Breaking Ice

The pace of technological, social, and environmental change in Canada's Arctic has profound effects on resource management and policy decisions. The chapters in this volume result from a project undertaken by the Ocean Management Research Network that examines the nature of Arctic environmental evolution and sustainability. From the pressures of development, technological advances, globalization, and climate change to social and cultural life, this book attempts to define the nature of competing demands and assess their impact on the environment. Breaking Ice: Renewable Resource and Ocean Management in the Canadian North provide a detailed examination of ocean and coastal management in the Canadian north, exploring a wide range of issues critical to environmental stewardship and breaking the ice to connect academics, government managers, policy-makers, aboriginal groups, and industry.

Table of Contents

Table of Contents
Breaking Ice 1
Untitled 4
Contents 6
List of Figures 9
List of Tables 11
List of Boxes 13
List of Acronyms 14
Preface and Acknowledgments 18
1 Introduction 20
Section I: UNDERSTANDING THE ISSUES: LEARNING FROM EXPERIENCE 40
2 Feeding the family in times of change 42
3 Sustainability and vulnerability: Aboriginal Arctic food security in a toxic world 66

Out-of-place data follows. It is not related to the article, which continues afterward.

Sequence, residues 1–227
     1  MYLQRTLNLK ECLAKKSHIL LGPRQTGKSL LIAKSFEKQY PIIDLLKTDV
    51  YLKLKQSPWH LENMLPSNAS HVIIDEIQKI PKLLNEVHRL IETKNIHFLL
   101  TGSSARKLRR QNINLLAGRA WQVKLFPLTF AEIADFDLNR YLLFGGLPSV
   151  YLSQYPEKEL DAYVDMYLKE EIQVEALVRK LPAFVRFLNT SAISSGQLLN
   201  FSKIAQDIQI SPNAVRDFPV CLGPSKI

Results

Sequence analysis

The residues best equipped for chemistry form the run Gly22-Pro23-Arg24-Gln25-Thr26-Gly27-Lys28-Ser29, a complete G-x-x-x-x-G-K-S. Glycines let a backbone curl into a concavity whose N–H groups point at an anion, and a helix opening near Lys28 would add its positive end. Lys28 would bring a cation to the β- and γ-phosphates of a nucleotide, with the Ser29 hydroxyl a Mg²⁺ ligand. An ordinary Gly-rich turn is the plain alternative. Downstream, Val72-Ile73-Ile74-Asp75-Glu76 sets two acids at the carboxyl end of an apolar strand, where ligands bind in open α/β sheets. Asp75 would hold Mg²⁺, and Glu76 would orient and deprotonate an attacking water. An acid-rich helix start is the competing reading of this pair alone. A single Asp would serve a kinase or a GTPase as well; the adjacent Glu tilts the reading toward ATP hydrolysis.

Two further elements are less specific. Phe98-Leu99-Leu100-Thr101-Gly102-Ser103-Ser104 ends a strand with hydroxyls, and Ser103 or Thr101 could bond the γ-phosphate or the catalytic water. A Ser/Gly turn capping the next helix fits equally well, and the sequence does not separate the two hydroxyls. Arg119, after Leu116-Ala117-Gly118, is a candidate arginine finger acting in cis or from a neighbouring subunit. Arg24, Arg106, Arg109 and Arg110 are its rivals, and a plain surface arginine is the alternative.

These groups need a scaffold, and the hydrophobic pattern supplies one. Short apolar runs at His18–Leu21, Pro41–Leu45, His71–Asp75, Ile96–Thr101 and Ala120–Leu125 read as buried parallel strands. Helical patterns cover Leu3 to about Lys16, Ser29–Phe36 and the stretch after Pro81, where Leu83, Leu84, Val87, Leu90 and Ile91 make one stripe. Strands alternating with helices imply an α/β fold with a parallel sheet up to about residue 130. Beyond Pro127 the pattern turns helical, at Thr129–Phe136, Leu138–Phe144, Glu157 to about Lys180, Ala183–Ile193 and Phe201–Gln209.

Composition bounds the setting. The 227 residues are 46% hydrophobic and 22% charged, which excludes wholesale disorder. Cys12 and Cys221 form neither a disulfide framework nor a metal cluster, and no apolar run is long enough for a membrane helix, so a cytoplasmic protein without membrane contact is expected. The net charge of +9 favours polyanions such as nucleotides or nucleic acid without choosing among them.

4 Ecosystem-based management and marine environmental quality indicators in northern Canada 90
5 Integrated management planning in Canada's western Arctic: An adaptive consultation process 114
6 Marine stewardship and Canada's Oceans Agenda in the western Canadian Arctic: A role for youth 138
Section II: RESPONDING AND ADAPTING TO NEW CHALLENGES 158
7 A place for traditional ecological knowledge in resource management 160
8 Understanding and communicating about ecological change: Denesoline indicators of ecosystem health 184
9 Wildlife tourism at the edge of chaos: Complex interactions between humans and polar bears in Churchill, Manitoba 202
10 Economic Development Based on Local Resources: Commercial Harvesting of Caribou on Southampton Island 222
Section III: RESILIENCE AND INSTITUTIONS 242
11 Cross-scale institutions and building resilience in the Canadian North 244
12 Adaptive co-management of Arctic char in Nunavut Territory 268
13 Unpacking social learning in social-ecological systems: Case studies of polar bear and narwhal management in northern Canada 288
14 Exploring the roles of law and hierarchy in ideas of resilience: Regulating resource harvesting in Nunavut 310
Section IV: GOVERNANCE, POLICY, AND FUTURE DIRECTIONS 336
15 Return of the "Vikings": The Canadian-Danish dispute over Hans Island – new challenges for the control of the Canadian North 338
16 Issues, priorities, and research directions for oceans management in Canada's North 356
17 Conclusion: Integration, innovation, and participation 382
List of Authors 393
A 396
Index 396
B 397
C 398
D 401
E 402
F 402
H 403
G 403
I 404
J 406
L 406
K 406
M 407
N 408
O 409
Q 410
P 410
R 411
S 411
T 413
V 414
U 414
Y 415
Z 415
W 415